Typically my characters don’t spend a lot of their time eating. It’s not because I’m not interested in food, quite the contrary (see my previous BG posts on the subject, here, here, and here.) No, it’s usually because, if I can paraphrase my agent for a moment, I’ve found my characters something more interesting to do. Having your characters sit down and eat is a useful device, however, in that it does give them something to do – even if it doesn’t forward the plot – while they’re talking, which usually does forward the plot. As a general rule, characters need to be doing something while they talk to each other, and if they eat, you can also use the details of the food to help with world-building and setting.
Still, even when my characters are eating, they’re not usually attending a banquet. Indeed, banquets and eating scenes in general are usually something we encounter visually, rather than on the page. Who can forget the scene in the Errol Flynn version of The Adventures of Robin Hood, where he walks into Prince John’s supper banquet with a stag on his shoulders?
Then, for those of us who are old enough (or who are 18th-century scholars) there’s the scene in the movie Tom Jones, in which Jones and Mrs. Fitzpatrick seduce each other while they eat. You’ll never see Cornish hens the same way again. And while I’m sure there’s something more recent, the food fight scene from Animal House has always been popular. Fans of Firefly, or of the many versions of Star Trek, for that matter, can recall episodes that included family-style meals, feasts, and general hanging-around-talking-in-the-bar. I always wondered whether anyone ever used the holodeck to go somewhere interesting to eat. I know I would have.
Now, if by chance we want to include a feast or memorable meal in one of our own books, as writers we’ve got plenty of resources (aside from stealing something from movies or TV, ahem.) Food and the preparation of food has become so popular lately that there are whole television networks devoted to it; recipes for practically anything are available on the internet, and there are all kinds of books, such as Charlemagne’s Tablecloth: A Piquant History of Feasting, that can give us ideas and historical context for any feasts we might need.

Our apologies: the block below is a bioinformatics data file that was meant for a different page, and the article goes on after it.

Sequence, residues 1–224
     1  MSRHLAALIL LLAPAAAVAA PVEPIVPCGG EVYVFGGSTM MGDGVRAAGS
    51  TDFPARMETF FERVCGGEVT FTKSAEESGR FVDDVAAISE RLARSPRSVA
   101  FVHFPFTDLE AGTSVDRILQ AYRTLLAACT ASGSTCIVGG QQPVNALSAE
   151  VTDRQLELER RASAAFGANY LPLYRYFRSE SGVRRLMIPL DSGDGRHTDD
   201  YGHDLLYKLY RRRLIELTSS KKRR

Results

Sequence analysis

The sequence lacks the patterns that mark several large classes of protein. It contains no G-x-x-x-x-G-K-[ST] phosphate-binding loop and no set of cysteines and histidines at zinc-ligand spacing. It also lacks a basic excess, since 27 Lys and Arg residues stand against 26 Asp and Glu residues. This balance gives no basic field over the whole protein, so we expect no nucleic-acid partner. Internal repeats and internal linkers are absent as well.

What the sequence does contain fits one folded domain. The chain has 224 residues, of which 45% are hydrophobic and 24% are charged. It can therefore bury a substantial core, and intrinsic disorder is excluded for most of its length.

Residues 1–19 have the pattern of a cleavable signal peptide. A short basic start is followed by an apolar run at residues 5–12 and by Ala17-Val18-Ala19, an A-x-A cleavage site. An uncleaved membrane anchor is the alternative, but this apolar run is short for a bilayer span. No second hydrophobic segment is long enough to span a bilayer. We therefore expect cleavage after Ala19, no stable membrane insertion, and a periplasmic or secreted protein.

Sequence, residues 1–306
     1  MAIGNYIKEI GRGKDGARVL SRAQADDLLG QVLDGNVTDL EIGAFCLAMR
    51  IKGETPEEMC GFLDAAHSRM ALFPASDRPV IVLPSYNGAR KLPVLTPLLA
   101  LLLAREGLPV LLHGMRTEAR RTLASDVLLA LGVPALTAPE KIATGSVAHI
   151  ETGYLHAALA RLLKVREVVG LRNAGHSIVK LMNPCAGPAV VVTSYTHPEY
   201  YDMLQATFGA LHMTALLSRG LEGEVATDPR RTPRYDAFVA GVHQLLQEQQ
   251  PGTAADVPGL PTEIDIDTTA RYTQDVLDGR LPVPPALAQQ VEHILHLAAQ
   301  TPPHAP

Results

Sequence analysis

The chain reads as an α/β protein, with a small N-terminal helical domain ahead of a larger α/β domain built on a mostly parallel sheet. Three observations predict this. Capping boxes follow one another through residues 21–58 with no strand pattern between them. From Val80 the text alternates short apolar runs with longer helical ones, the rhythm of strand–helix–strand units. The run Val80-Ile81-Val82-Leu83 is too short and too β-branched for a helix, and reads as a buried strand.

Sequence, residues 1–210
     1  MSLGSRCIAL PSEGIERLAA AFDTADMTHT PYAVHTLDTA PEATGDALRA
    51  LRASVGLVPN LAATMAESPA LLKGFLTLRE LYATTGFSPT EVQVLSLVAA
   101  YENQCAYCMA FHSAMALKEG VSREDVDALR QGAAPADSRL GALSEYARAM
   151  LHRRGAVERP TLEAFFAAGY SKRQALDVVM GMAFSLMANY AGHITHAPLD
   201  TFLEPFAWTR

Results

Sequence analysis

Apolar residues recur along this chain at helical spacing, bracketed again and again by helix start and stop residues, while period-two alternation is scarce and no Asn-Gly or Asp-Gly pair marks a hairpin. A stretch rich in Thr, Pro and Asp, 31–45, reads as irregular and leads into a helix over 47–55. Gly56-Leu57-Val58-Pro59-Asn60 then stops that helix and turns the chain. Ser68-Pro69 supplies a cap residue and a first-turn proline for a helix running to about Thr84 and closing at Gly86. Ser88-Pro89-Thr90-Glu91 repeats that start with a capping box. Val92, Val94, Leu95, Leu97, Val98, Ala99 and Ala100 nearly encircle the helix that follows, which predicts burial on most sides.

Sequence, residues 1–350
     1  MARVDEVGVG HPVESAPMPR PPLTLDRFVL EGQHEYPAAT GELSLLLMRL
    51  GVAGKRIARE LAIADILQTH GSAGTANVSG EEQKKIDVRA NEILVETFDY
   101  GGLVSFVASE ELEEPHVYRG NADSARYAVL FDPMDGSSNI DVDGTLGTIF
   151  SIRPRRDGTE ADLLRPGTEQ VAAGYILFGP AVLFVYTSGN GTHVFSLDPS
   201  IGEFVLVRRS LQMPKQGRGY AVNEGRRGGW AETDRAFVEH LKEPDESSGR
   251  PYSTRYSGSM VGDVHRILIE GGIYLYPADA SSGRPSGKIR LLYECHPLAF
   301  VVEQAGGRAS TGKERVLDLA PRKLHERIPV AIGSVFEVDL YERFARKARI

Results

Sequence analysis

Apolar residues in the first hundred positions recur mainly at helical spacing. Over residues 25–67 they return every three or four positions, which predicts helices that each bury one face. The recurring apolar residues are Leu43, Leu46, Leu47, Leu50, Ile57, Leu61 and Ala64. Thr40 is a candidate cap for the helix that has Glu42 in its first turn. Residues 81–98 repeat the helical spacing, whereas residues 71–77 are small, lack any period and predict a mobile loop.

Luckily, I have several chefs in the family, and when I needed a royal feast for my novel The Storm Witch, I was able to draw on the experience of a meal prepared by the son of one of my cousins, Jose Ignacio Diaz Hellin, and his culinary partner, Alberto Dominguez Saenz. Both the original meal and the feast I made of it would take too much space to describe here (let me know if you’d like the details) but basically I turned a chef-chosen restaurant meal for five people into a feast by making each item a separate course.
In and of themselves, of course, feasts and the reasons behind them can tell your readers a great deal about the world you’ve created, and that’s another reason to think about food when world-building.
Gee, it’s January. I wonder what made me think about food and feasting?
Violette Malan is the author of the Dhulyn and Parno series of sword and sorcery adventures (now available in omnibus editions), as well as the Mirror Lands series of primary world fantasies. As VM Escalada, she is writing the upcoming Halls of Law series. Find her on Facebook and follow her on Twitter @VioletteMalan..